A single cannon blast sliced through the silence of a quiet morning on a Missouri River bend on July 4, 1804. The crew of the Lewis & Clark Expedition was celebrating the first official observance of Independence Day in the newly acquired Louisiana Purchase territory. The site today is known as Little Bean Marsh Conservation Area, located 30 miles north of Kansas City.
Among the entries in William Clark’s journal that day were observations of extensive prairies, rivers, a great number of goslings, and a clear lake containing vast quantities of fish and geese. He didn’t write about the oppressive July heat and humidity, the “mosquitors” or the hardships endured. Instead, Clark wrote about the abundance and variety of wildlife, which was stunning even to this veteran explorer.
“The Plains of this country are covered with a Green Grass, well calculated for the sweetest and most norushing hay, interspersed with… trees, Spreding ther lofty branchs over Pools Springs or Brooks of fine water… Shrubs covered with the most delicious froot is to be seen in every direction, and nature appears to have exerted herself to butify the Senery by the variety of flours raiseing Delicately and highly… above the Grass, which Strikes & profumes the Sensation, and amuses the mind, throws it into Conjecturing the cause of So magnificent a Senery… in a Country thus Situated far removed from the Sivilised world to be enjoyed by nothing but the Buffalo Elk Deer & Bear in which it abounds.”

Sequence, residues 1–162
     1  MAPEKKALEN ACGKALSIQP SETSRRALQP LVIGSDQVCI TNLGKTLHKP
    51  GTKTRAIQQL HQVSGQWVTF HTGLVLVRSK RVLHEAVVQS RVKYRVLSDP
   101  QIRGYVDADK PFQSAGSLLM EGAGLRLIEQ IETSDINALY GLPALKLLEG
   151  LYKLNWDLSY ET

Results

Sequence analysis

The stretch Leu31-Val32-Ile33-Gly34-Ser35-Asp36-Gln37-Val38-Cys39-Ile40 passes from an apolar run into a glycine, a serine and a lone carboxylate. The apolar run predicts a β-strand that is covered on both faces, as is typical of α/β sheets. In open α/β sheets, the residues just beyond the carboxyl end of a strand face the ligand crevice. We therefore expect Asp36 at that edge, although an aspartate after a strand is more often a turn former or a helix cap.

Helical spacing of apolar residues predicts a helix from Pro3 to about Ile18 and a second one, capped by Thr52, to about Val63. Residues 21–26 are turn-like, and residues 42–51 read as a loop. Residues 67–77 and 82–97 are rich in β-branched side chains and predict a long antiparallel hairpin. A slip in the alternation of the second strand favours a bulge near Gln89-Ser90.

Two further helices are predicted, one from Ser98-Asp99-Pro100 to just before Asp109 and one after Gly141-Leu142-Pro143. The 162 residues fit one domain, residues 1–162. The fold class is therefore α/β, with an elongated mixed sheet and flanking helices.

His awe of the natural beauty he saw here is a powerful testament to the connection people have always felt for this land. Yet it would take only a generation of early settlers to forge an entirely different Missouri than what Clark had described.
From Wildlife Depletion to Conservation Action
By the 1860s, the insatiable demand for fur, feathers and meat had virtually emptied the forests. Relentless commercial hunting was rampant and unchecked. By the late 1800s, the largest lumber mill in the world came to the Ozarks to feed the booming railroad industry’s thirst for railroad ties and a growing nation’s need for wood products. In 1912 alone, 15 million hand-hewn railroad ties were sold in Missouri. It was also an age when a third of the Ozarks were burned each year in an effort to bring up the grasses for livestock. Missouri’s forests were soon depleted.
By the 1930s, the country was in the grips of the